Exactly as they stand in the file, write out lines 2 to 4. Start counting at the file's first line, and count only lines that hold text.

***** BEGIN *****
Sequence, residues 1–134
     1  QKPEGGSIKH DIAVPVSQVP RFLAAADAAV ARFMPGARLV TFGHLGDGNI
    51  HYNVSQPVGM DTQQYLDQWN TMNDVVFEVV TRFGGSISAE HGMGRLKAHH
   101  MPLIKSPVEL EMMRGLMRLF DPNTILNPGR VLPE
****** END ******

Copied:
     1  QKPEGGSIKH DIAVPVSQVP RFLAAADAAV ARFMPGARLV TFGHLGDGNI
    51  HYNVSQPVGM DTQQYLDQWN TMNDVVFEVV TRFGGSISAE HGMGRLKAHH
   101  MPLIKSPVEL EMMRGLMRLF DPNTILNPGR VLPE